Aurora Flight Sciences designers are choosing the Secondary Power Distribution Unit (SPDU) from the AMETEK PDS for the XV-24A LightningStrike aircraft, which is the basis of Aurora's entry in the Vertical Take-Off and Landing Experimental Plane (VTOL X-Plane) project of the U.S. Defense Advanced Research Projects Agency (DARPA) in Arlington, Va.
AMETEK PDS also is providing the company's SPDU power unit for the Aurora Flight Sciences Orion medium-altitude, long-endurance unmanned aircraft, which combines an efficient aerodynamic design with lightweight construction and efficient heavy fuel propulsion.
The compact lightweight AMETEK SPDU can distribute 288 amps of power at 28 volts DC to as many as 54 electrical loads. The unit saves weight, space, and cost by eliminating wires, circuit breakers, and utility boxes for a wide range of military and commercial aircraft and military vehicles, company officials say.
The SPDU provides circuit and wiring protection, as well as arc-fault detection, pulse width modulation, remote load power control, load power monitoring, automated load shedding, and prognostic and diagnostic maintenance capabilities.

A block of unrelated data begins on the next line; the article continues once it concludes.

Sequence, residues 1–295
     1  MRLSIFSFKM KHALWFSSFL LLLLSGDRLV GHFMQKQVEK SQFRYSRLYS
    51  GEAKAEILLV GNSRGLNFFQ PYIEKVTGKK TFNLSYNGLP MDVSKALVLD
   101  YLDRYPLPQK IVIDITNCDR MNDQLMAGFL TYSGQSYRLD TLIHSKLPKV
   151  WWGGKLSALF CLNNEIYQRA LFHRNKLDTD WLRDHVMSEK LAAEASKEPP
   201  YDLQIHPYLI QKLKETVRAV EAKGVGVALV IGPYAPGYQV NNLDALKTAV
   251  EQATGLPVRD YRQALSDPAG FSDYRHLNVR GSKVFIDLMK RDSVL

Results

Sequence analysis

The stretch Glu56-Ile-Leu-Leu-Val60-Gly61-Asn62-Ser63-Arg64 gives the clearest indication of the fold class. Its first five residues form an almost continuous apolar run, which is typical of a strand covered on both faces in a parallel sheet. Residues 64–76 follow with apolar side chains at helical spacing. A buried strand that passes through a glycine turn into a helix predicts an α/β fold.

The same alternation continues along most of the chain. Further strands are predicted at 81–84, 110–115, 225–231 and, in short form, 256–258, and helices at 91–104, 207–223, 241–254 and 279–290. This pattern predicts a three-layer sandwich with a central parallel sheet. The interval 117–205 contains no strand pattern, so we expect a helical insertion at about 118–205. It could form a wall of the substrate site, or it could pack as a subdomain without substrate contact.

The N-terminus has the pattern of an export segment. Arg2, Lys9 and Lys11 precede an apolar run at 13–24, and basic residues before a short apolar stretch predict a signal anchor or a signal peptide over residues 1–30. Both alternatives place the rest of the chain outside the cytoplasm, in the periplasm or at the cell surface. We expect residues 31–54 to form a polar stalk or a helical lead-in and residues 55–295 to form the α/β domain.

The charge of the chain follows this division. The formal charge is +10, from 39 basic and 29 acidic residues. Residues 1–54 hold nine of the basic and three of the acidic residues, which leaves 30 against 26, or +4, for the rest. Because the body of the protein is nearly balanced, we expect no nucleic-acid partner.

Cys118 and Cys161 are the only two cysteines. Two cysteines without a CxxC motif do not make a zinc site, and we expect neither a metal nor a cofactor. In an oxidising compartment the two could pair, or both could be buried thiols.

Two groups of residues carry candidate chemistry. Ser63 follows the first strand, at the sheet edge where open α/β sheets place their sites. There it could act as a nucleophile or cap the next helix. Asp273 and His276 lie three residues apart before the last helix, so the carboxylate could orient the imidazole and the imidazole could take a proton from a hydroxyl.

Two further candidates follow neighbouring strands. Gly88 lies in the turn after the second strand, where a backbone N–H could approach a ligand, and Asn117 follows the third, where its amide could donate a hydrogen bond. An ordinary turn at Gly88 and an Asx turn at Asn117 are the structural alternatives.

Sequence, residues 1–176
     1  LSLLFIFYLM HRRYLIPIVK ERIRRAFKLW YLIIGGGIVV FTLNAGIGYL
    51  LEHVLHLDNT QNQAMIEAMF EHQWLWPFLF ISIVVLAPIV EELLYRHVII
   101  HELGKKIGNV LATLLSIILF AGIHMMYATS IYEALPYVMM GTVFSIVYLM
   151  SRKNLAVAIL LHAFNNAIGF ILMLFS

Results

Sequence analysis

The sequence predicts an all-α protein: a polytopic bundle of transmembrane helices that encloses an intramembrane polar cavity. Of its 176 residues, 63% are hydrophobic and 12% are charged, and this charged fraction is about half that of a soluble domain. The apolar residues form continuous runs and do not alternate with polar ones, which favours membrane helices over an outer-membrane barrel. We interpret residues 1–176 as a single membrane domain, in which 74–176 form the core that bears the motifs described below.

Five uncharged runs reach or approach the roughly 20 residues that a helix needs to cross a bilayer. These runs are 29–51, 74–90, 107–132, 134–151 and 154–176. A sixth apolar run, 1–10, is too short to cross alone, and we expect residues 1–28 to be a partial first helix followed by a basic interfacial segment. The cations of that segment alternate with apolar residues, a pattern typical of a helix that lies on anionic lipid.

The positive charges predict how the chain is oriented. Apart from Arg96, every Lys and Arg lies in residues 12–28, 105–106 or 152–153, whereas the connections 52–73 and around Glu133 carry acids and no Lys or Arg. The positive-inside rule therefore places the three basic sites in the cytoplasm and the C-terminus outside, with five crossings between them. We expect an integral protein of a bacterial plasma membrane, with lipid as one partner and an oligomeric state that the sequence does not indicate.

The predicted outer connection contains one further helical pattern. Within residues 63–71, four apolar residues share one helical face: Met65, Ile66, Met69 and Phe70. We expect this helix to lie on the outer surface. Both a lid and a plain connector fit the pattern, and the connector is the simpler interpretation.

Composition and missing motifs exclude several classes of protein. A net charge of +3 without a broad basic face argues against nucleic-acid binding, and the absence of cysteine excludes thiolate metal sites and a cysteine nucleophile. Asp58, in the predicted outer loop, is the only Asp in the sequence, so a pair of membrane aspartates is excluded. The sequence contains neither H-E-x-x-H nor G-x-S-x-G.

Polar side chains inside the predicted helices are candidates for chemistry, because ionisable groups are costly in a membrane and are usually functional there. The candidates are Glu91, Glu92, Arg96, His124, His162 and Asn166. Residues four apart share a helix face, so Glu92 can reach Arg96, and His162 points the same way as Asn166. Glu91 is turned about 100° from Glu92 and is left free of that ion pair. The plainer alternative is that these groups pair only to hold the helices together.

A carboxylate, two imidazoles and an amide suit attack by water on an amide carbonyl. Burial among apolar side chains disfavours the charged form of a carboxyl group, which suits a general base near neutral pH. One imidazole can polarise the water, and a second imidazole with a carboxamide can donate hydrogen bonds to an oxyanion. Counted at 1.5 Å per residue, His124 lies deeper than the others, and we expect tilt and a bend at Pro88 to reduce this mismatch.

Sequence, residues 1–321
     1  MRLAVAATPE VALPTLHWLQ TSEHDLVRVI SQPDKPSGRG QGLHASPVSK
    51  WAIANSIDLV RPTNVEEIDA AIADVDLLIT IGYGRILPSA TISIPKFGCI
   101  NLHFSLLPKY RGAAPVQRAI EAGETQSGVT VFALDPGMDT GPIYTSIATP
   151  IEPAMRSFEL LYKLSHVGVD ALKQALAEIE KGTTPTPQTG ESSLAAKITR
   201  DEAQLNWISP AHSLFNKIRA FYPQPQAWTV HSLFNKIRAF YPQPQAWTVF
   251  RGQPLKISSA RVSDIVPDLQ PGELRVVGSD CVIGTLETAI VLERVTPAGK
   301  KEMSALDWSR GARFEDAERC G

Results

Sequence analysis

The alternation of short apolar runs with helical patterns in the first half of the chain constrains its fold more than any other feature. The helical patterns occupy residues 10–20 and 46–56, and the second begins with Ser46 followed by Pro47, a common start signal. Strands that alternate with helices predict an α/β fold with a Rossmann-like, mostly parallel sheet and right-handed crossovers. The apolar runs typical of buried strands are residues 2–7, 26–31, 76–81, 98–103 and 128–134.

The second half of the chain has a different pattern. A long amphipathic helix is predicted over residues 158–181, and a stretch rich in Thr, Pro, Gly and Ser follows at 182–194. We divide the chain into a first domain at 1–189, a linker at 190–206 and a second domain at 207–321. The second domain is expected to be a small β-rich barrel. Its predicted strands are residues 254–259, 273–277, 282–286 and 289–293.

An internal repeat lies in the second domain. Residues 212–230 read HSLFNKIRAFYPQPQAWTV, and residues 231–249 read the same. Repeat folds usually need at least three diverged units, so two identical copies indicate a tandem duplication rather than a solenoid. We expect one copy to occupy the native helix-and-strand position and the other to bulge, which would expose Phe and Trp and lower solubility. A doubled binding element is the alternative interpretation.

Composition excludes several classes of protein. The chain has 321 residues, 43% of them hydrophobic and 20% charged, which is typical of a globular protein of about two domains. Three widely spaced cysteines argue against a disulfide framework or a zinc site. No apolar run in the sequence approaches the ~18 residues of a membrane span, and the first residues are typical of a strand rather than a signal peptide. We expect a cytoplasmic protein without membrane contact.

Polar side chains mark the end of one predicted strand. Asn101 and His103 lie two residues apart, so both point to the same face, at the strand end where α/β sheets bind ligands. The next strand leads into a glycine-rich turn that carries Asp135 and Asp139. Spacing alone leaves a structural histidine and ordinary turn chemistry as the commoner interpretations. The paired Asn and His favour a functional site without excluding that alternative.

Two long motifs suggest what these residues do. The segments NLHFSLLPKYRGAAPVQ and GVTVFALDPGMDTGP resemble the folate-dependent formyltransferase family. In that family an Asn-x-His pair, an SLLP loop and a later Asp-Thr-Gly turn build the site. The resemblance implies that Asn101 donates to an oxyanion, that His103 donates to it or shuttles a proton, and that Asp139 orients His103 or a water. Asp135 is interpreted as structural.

The SPDU is look-up table configurable to enable its use on several different kinds of aircraft and other application without software or hardware changes, AMETEK PDS officials say.
Aurora Flight Sciences engineers are developing the DARPA VTOL X-Plane to have the hover capability of a helicopter, yet with the ability to fly nearly 50 percent faster than the Boeing V-22 Osprey tiltrotor aircraft.
Aurora is building the XV-24A LightningStrike UAV under terms of an $89.4 million contract awarded in March 2016. The unmanned aircraft will have a distributed hybrid-electric propulsion system with ducted fans; a synchronous electric-drive system; tilt-wing- and tilt-canard-based propulsion for vertical takeoff and landing; and high efficiency in hover and fast forward flight.
The aircraft design features a Rolls-Royce AE 1107C turboshaft engine that will power three Honeywell generators, and 24 ducted fans distributed on the wings and canards. Flight tests are scheduled for 2018.
The DARPA VTOL X-Plane project seeks to attain a top sustained flight speed of 300 to 400 knots; hover efficiency of at least 75 percent; cruise efficiency lift-to-drag ratio of at least 10; and useful load capacity of at least 40 percent of the vehicle’s projected gross weight of 10,000 to 12,000 pounds.
The Aurora Orion, meanwhile, holds the world record for flight duration of a remotely controlled UAV, based on the Orion’s 80-hour, 2-minute and 52-second flight in December 2014.
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